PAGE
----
Despite having only one release on its schedule this year, DreamWorks Animation scared up better-than-expected results during the third quarter thanks to “Monsters vs. Aliens.”
Strong DVD sales of more than 4.6 million copies for the pic, which didn’t hit retailers until late last month, helped the company to a profit of $19.6 million from revenue of $135 million during the three-month period.
While the numbers are positive, profits fell 48% on an 11% dip in revenue. But it could have been far worse given the comparison with the year-earlier quarter, when DreamWorks was drawing coin generated by “Madagascar: Escape 2 Africa” and “Kung Fu Panda.”
Even with a 14% drop in DVD sales for the homevid biz last quarter, DreamWorks Animation has benefited from the appeal of family fare during the recession: The company’s stock has gained 85% since hitting an all-time low in February. It sold 2.2 million copies of the “Monsters vs. Aliens” DVD in its first week of release, generating $38 million.
“As we have been noting for the last year, our movies are performing uniquely and differently from the rest of the industry as a whole,” DreamWorks Animation chief Jeffrey Katzenberg told Daily Variety, noting that 40% of customers have opted for the higher-priced Blu-ray or double-pack DVD set of the pic, which includes the 3-D toon “B.O.B.’s Big Break,” not shown in theaters. Moviegoers “seem to really want to own our movies and own the premium versions” when they buy them, Katzenberg said.
In the third quarter, “Monster vs. Aliens” earned revenue of $33.4 million from the worldwide box office and DVD sales. Worldwide B.O. is $380 million.
The “Madagascar” sequel and “Kung Fu Panda” took $35.4 million and $21.9 million, respectively, during the quarter.
Katzenberg, who has been one of Hollywood’s biggest cheerleaders for the rollout of 3D in theaters, said producing pics in the format doesn’t hurt DVD sales.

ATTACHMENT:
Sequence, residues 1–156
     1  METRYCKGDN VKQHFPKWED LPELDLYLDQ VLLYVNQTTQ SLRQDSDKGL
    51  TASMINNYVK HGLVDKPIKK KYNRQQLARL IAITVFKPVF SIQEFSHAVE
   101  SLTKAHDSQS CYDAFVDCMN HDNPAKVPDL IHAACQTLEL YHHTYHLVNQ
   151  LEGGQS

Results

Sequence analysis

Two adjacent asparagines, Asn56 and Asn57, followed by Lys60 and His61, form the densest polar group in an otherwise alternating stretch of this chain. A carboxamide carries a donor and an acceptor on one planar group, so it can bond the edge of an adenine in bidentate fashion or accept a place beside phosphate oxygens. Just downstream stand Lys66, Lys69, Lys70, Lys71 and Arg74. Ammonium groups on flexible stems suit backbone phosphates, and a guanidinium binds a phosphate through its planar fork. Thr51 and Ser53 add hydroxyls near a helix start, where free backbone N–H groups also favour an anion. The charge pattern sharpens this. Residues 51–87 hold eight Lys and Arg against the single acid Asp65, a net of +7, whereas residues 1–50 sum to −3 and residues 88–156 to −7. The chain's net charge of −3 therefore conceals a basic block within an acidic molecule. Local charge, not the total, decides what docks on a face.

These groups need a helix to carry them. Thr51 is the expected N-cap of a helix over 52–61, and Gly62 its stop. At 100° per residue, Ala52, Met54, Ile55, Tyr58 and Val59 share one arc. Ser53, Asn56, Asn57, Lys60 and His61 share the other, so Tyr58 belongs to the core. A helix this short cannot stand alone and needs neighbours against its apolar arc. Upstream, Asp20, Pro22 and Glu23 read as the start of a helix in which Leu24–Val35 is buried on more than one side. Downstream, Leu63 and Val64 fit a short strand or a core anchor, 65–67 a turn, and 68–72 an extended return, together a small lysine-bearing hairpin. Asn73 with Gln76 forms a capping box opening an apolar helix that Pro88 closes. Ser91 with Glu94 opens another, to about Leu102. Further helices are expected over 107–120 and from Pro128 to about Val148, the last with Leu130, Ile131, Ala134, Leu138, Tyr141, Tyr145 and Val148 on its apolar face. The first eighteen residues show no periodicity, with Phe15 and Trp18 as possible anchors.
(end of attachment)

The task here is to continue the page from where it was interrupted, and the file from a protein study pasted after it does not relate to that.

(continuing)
While the “Monsters vs. Aliens” DVD was sold with 3D glasses, they are not required to view the film.
The format hasn’t “helped” or “hurt” DVD sales, Katzenberg said.
“People understand that going to the movie theater is a unique experience, and coming home is another experience,” he said, adding that most people saw the 2D version of the film around the world. “These things convert beautifully to 2D.”
This year was an anomaly for the company. During the summer, DreamWorks said it would produce five movies every two years, adding an additional film every other year to its regular release sked of two pics a year.
Next year, it has “How to Train Your Dragon” bowing in March, followed by “Shrek Forever After” in May and “Oobermind” in November. All are distribbed by Paramount and produced in the 3D format.
“Puss in Boots” and a sequel to “Kung Fu Panda” bow in 2011, with “The Croods,” a third “Madagascar” pic and “The Guardians” unspooling in 2012.
While 3D will help the studio mint more money at the megaplex, DreamWorks Animation also has two holiday TV specials, “Monsters vs. Aliens: Mutant Pumpkins From Outer Space” and “Merry Madagascar,” that will air on NBC and contribute to the company’s bottom line during the fourth quarter.
It will also generate revenue from “Shrek: The Musical,” which ends its run on Broadway in January and goes on tour in July.
“Last year we said we’d expand our franchises to other business opportunities, and now we’re starting to see the results of that creatively and financially,” Katzenberg said.